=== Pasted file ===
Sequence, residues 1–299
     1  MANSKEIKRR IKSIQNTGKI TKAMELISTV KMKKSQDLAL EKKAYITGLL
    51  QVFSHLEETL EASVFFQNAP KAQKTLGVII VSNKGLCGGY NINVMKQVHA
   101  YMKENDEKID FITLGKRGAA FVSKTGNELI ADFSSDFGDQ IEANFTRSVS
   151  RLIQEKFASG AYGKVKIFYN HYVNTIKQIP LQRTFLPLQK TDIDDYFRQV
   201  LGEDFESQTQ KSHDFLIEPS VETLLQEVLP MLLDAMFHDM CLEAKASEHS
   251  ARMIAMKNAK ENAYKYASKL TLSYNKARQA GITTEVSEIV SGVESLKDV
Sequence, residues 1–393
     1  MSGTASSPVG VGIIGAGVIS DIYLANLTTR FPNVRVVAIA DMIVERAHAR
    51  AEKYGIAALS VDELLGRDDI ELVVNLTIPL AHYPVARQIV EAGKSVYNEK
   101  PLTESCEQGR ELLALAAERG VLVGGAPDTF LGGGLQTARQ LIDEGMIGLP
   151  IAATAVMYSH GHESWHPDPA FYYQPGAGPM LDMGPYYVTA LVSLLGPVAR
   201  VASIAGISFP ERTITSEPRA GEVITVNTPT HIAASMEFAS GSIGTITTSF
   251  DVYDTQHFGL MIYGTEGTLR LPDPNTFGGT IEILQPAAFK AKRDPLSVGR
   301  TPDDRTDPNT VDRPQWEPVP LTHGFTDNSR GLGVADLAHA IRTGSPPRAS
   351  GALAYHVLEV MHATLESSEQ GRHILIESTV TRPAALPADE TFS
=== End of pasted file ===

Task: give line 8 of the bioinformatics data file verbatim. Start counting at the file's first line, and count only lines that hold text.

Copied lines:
Sequence, residues 1–393